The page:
This was inevitable in the state of society which existed in the early Middle Ages. While angels would have been required to exercise becomingly the tremendous powers claimed and acquired by the Church, the methods by which clerical preferment and promotion were secured were such as to favor the unscrupulous rather than the deserving. To understand fully the causes which drove so many thousands into schism and heresy, leading to wars and persecutions, and the establishment of the Inquisition, it is necessary to cast a glance at the character of the men who represented the Church before the people, and at the use which they made, for good or for evil, of the absolute spiritual despotism which had become established. In wise and devout hands it might elevate incalculably the moral and material standards of European civilization; in the hands of the selfish and depraved it could become the instrument of minute and all-pervading oppression, driving whole nations to despair.  8
  As regards the methods of election to the episcopate, there cannot be said at this period to have been any settled and invariable rule. The ancient form of election by the clergy, with the acquiescence of the people of the diocese, was still preserved in theory, but in practice the electoral body consisted of the cathedral canons; while the confirmation required of the king, or semi-independent feudal noble, and of the pope, in a time of unsettled institutions, frequently rendered the election an empty form, in which the royal or papal power might prevail, according to the tendencies of time and place. The constantly increasing appeals to Rome, as to the tribunal of last resort, by disappointed aspirants, under every imaginable pretext, gave to the Holy See a rapidly-growing influence, which, in many cases, amounted almost to the power of appointment; and Innocent II., at the Lateran Council of 1139, applied the feudal system to the Church by declaring that all ecclesiastical dignities were received and held of the popes like fiefs. Whatever rules, however, might be laid down, they could not operate in rendering the elect better than the electors. The stream will not rise above its source, and a corrupt electing or appointing power is not apt to be restrained from the selection of fitting representatives of itself by methods, however ingeniously devised, which have not the inherent ability of self-enforcement. The oath which cardinals were obliged to take on entering a conclave—“I call God to witness that I choose him whom I judge according to God ought to be chosen”—was notoriously inefficacious in securing the election of pontiffs fitted to serve as the vicegerents of God; and so, from the humblest parish priest to the loftiest prelate, all grades of the hierarchy were likely to be filled by worldly, ambitious, self-seeking, and licentious men. The material to be selected from, moreover, was of such a character that even the most exacting friends of the Church had to content themselves when the least worthless was successful. St. Peter Damiani, in asking of Gregory VI. the confirmation of a bishop-elect of Fossombrone, admits that he is unfit, and that he ought to undergo penance before undertaking the episcopate, but yet there is nothing better to be done, for in the whole diocese there was not a single ecclesiastic worthy of the office; all were selfishly ambitious, too eager for preferment to think of rendering themselves worthy of it, inflamed with desire for power, but utterly careless as to its duties.  9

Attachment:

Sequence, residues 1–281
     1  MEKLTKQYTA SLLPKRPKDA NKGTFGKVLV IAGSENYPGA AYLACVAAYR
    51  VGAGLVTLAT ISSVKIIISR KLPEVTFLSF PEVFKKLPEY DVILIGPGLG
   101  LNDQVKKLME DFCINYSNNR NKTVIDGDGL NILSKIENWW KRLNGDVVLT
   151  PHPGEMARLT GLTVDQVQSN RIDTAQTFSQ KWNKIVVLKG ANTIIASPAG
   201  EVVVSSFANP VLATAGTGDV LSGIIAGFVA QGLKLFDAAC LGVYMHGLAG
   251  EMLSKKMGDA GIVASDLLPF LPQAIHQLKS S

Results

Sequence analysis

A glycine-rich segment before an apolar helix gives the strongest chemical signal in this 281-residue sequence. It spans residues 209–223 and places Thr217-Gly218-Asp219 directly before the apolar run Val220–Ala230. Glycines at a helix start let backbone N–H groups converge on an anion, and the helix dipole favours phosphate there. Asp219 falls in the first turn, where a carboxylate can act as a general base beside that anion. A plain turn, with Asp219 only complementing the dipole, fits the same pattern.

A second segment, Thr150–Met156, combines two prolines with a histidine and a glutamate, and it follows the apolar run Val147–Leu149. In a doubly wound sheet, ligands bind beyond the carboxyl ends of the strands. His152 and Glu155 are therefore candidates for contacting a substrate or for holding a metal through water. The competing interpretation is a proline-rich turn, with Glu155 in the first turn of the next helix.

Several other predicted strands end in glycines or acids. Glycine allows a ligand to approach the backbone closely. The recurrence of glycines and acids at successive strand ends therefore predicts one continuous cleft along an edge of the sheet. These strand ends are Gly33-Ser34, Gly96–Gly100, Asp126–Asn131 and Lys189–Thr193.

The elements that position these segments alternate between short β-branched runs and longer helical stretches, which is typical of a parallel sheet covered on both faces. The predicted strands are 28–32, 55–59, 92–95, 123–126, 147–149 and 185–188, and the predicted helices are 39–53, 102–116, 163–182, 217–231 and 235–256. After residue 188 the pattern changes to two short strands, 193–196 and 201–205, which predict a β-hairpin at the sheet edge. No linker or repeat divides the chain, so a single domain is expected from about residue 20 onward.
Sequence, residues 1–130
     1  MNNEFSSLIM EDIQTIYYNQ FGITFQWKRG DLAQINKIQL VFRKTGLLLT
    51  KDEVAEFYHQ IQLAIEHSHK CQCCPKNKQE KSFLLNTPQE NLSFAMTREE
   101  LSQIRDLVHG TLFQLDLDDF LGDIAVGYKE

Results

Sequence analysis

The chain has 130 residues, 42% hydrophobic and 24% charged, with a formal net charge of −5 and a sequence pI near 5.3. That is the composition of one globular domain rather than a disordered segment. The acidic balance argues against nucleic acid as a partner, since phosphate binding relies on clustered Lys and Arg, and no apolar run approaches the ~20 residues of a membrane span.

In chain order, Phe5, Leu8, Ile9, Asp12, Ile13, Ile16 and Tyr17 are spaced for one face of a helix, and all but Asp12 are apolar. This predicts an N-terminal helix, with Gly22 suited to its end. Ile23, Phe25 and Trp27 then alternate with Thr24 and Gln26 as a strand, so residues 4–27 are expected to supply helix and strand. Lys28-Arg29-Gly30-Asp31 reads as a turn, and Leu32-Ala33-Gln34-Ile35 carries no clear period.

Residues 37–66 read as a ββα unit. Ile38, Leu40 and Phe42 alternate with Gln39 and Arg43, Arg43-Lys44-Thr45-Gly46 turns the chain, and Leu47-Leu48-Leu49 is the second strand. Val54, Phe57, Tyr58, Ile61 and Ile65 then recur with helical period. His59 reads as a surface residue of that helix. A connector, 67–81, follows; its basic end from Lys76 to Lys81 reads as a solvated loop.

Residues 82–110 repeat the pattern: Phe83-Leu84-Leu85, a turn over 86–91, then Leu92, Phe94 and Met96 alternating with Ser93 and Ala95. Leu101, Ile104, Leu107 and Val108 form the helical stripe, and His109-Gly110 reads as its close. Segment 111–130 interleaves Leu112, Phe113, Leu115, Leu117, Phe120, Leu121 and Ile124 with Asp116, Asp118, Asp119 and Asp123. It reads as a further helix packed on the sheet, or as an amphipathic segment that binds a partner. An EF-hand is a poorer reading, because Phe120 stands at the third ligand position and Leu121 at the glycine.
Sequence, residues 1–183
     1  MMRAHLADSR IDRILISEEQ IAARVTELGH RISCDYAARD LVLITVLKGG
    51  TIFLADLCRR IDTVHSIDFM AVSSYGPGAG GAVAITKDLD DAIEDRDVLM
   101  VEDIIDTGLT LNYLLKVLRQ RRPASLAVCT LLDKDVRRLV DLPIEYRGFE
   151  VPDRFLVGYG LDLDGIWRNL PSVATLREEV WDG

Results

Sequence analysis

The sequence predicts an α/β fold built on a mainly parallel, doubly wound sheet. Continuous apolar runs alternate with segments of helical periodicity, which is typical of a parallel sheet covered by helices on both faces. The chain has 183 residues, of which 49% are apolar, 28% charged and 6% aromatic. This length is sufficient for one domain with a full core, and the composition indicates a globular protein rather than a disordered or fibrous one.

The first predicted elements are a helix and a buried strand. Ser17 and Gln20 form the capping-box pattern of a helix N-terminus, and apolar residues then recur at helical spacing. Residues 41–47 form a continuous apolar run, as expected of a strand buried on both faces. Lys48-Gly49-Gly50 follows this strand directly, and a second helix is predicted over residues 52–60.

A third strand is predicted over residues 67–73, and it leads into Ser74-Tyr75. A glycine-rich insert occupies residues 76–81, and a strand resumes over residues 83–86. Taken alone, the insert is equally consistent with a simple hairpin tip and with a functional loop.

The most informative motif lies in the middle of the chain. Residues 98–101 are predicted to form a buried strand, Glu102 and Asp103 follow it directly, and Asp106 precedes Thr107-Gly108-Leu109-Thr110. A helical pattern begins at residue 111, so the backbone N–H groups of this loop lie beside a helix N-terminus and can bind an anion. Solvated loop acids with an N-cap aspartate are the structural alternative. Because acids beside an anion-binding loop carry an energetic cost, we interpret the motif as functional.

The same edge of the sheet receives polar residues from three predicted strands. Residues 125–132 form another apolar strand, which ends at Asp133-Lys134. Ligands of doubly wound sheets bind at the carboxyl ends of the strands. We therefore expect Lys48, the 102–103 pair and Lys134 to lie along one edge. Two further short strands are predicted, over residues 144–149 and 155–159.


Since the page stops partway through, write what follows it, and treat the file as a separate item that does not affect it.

Under these circumstances simony, with all its attendant evils, was almost universal, and those evils made themselves everywhere felt on the character both of electors and elected. In the fruitless war waged by Gregory VII. and his successors against this all-pervading vice, the number of bishops assailed is the surest index of the means which had been found successful, and of the men who thus were enabled to represent the apostles. As Innocent III. declared, it was a disease of the Church immedicable by either soothing remedies or fire; and Peter Cantor, who died in the odor of sanctity, relates with approval the story of a Cardinal Martin, who, on officiating in the Christmas solemnities at the Roman court, rejected a gift of twenty pounds sent him by the papal chancellor, for the reason that it was notoriously the product of rapine and simony. It was related as a supreme instance of the virtue of Peter, Cardinal of St. Chrysogono, formerly Bishop of Meaux, that he had, in a single election, refused the dazzling bribe of five hundred marks of silver. Temporal princes were more ready to turn the power of confirmation to profitable account, and few imitated the example of Philip Augustus, who, when the abbacy of St. Denis became vacant, and the provost, the treasurer, and the cellarer of the abbey each sought him secretly, and gave him five hundred livres for the succession, quietly went to the abbey, picked out a simple monk standing in a corner, conferred the dignity on him, and handed him the fifteen hundred livres.  10